In relation to tree hazards, any feature of a tree that detracts from the uniform distribution of mechanical stress or makes the tree mechanically unsuited to its environment.

A diseased tree is a tree that has been infected or diseased with a virus / disease. Normally trees that get become “sick” will need be removed by a tree surgery company. If you suspect your tree has a problem, contact us for a free quote.

Progressive death of buds, twigs and branch tissues, on individual limbs resulting in Deadwood, or throughout the canopy, extreme cases can result in Stag Heading.

A projected line on the ground that corresponds to the spread of branches in the canopy; the farthest spread of branches.


Fast-growing, weakly attached shoots/branches that often grow as a response to stress factors upon a tree or branch removal. They usually appear on the stem arising from suppressed buds in the bark. ‘In urban environments, the most common cause may be severe crown pruning and pollarding, but environmental stress on the tree, alteration of soil conditions, e.g. water-logging, soil sealing, and root severance during site development, or colonisation of roots by pathogens, may all be sufficient to initiate epicormic shoot formation.’ – Arboricultural Advisory & Information Service.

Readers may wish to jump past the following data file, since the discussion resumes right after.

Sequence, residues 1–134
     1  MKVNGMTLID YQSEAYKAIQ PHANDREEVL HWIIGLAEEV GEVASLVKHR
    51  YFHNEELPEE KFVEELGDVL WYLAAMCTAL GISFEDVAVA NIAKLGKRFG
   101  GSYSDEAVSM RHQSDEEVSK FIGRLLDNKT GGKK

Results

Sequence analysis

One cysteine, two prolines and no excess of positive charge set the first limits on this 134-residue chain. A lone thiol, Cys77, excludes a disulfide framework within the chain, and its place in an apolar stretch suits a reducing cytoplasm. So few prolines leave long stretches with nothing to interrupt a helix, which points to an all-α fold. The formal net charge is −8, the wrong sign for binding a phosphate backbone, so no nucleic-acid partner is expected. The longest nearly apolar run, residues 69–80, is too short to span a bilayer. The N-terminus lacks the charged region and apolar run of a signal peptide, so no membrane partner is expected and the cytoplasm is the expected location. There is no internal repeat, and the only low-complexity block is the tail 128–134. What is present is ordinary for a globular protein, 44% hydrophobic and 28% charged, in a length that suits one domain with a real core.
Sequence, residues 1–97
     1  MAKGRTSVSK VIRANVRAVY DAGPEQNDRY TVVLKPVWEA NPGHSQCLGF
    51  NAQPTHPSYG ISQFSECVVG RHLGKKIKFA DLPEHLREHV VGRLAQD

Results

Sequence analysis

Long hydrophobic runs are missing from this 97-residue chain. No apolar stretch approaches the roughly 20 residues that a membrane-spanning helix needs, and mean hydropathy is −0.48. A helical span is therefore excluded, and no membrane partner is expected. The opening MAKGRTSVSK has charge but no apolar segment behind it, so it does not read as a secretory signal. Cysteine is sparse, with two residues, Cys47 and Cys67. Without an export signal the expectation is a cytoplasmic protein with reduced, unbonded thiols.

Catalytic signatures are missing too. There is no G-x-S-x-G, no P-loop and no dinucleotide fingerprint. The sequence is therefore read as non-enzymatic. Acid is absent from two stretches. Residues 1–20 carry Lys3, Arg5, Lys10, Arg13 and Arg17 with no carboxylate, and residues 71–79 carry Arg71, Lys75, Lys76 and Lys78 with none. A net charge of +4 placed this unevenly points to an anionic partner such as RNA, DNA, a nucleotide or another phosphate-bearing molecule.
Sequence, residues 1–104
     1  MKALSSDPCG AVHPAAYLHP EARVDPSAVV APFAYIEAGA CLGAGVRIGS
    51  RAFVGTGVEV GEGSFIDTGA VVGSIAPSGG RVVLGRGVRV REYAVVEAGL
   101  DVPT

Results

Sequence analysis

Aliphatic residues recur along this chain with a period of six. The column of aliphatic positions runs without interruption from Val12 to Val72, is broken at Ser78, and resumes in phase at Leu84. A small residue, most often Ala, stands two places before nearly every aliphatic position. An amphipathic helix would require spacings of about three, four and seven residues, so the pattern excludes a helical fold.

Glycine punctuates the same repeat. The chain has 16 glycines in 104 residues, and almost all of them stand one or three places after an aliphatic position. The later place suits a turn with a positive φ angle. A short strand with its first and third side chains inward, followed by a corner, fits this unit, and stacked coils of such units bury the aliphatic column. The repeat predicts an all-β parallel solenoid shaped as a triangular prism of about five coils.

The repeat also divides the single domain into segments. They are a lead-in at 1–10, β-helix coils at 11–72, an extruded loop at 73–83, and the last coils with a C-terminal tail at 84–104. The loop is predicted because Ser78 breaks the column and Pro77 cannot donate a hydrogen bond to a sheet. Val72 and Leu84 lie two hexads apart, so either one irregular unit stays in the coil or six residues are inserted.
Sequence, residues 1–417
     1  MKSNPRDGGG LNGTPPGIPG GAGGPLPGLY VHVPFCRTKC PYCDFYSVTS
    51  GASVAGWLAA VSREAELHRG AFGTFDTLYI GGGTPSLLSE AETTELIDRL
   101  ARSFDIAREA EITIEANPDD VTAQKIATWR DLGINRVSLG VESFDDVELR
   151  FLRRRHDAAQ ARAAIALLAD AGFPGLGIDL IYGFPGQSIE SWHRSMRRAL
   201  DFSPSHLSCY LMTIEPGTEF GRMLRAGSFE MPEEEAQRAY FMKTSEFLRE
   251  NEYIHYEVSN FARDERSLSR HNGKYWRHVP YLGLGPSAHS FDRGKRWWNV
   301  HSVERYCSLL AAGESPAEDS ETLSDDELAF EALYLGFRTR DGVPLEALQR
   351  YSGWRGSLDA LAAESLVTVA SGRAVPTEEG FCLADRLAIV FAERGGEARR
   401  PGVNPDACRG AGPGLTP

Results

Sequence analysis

The many direct and indirect contributions provided to humanity by a healthily functioning ecosystem. We rely on ecosystem services to provide clean air and drinking water, agriculture, forestry, ocean health, flood control and much more. Ecosystem services can be categorised as cultural services, provisioning services, regulating services or habitat services.


What is Felling? Felling is the term and process of cutting down a tree, first step to handling a tree that might be diseased or in need of cutting down. Once its cut down, it can be cut into smaller logs and then put through a chipper. The person cutting the trees is a tree surgeon or Arborist. If you need to cut your tree’s down, visit our Felling page here